A man has opened up about his heartbreak after being forced to move out of his shipping container home after 30 years of living there.
Stephen Gibbons, 65, has lived on a three-acre a plot of land at Lighthouse Farm in St Brides after buying it and the shipping container from his father back in 1990.
However, Newport city council has given him six months to leave his home, claiming that its very existence was in violation of planning regulations.
The planning committee said that he transformed the land from an agricultural facility to a mixed-use space containing a dwelling that was also being used for vehicle repairs.
However, Gibbons denied claims that he was repairing vehicles, with the exception of a tractor, but admitted that he didn't inform the council that the land's use had changed.
Showing off the inside of his home, Gibbons said: "It has taken me a long time to get it like this."
"It's all shipping containers, look. It’s cool in the summer and warm in the winter. It’s nice.
"People are doing it now a lot, I was doing it 30 years ago. I live here on my own now, but I had the kids in here with me.
"It's taken a lot of time and work to make it better and better. You can see I'm a bit of a hoarder. But I am one to maintain things.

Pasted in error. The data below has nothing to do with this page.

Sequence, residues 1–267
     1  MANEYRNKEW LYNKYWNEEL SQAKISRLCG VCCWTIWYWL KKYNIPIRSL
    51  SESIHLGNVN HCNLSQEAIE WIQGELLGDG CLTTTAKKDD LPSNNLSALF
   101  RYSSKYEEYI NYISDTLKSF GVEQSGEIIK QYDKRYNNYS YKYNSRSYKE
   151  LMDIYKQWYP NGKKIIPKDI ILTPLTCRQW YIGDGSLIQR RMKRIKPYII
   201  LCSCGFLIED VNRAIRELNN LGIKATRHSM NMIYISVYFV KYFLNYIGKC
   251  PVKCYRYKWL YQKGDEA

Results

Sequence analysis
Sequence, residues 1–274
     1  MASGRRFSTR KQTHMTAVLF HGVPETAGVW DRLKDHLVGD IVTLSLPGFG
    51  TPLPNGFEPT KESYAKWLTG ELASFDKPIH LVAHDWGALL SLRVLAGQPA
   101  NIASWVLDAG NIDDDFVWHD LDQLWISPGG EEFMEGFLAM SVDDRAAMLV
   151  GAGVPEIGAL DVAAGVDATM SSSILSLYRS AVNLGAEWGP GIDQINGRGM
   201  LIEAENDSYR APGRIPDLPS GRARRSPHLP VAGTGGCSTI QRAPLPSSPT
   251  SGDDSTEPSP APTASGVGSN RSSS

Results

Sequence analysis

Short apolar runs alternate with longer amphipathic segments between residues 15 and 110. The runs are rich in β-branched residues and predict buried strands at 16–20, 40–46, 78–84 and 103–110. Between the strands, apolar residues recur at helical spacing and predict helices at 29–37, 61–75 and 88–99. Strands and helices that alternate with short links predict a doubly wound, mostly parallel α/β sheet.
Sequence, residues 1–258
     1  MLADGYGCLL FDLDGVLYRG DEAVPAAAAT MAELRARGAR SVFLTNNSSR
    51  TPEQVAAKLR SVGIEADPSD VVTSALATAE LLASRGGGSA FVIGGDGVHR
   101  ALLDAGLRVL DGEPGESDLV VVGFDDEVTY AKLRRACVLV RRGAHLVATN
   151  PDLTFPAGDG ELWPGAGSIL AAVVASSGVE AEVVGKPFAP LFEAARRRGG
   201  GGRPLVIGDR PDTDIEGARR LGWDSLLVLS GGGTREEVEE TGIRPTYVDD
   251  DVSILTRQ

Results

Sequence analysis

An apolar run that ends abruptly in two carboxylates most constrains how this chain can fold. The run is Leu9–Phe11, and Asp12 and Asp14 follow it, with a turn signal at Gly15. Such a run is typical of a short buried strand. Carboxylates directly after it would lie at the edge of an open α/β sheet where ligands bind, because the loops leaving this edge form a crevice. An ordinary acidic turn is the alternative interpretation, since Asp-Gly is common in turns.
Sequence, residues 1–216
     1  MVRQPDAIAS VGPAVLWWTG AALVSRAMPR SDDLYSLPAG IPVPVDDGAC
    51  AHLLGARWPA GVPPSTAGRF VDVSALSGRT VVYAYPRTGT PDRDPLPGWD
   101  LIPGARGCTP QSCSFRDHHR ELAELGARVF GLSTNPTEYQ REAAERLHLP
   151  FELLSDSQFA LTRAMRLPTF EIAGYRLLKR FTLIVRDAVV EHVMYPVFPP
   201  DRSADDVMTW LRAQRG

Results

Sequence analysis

"I've had a great time here, I've brought four of my kids up here. It's the best place, and all the people love me. All the people vouch for me around here."
While the 65-year-old did appeal the decision to force him out of his home last year, he was ultimately unsuccessful and said he's now 'lost everything'.
He attempted to appeal the decision on the basis that his home has existed for so long.
Gibbons went on to speculate that the council must have been informed of his home by someone he had a disagreement with.
"When I first received the letter from the council I thought I was home and dry because I'd lived here so long," he said.
"I thought due to the time issue of it, it was finished. It shouldn't have gone past 1996.
"When they say I'm using it for other uses, what do they mean? Every tool I've got is for the farm. I've fixed one tractor. I don’t mend vehicles. What do they want me to do, use a broken tractor?"
As well as being told to leave his home, Gibbons is having to pay the council £8,000 in administration costs and must return the land to its original condition.
The decision to force Gibbons out of his home was supported by councillor James Clarke who agreed that the unusual home was created 'without permission and deliberately concealed in order to bypass planning regulations'.
"Planning regulations are in place for good reasons," he added.
"They seek to protect all of us against inappropriate development and this decision demonstrates that deliberate acts to deceive and mislead will be found out.
"The council will take enforcement action against anyone who deliberately breaches the rules in this manner."
Featured Image Credit: Media Wales
Topics: UK News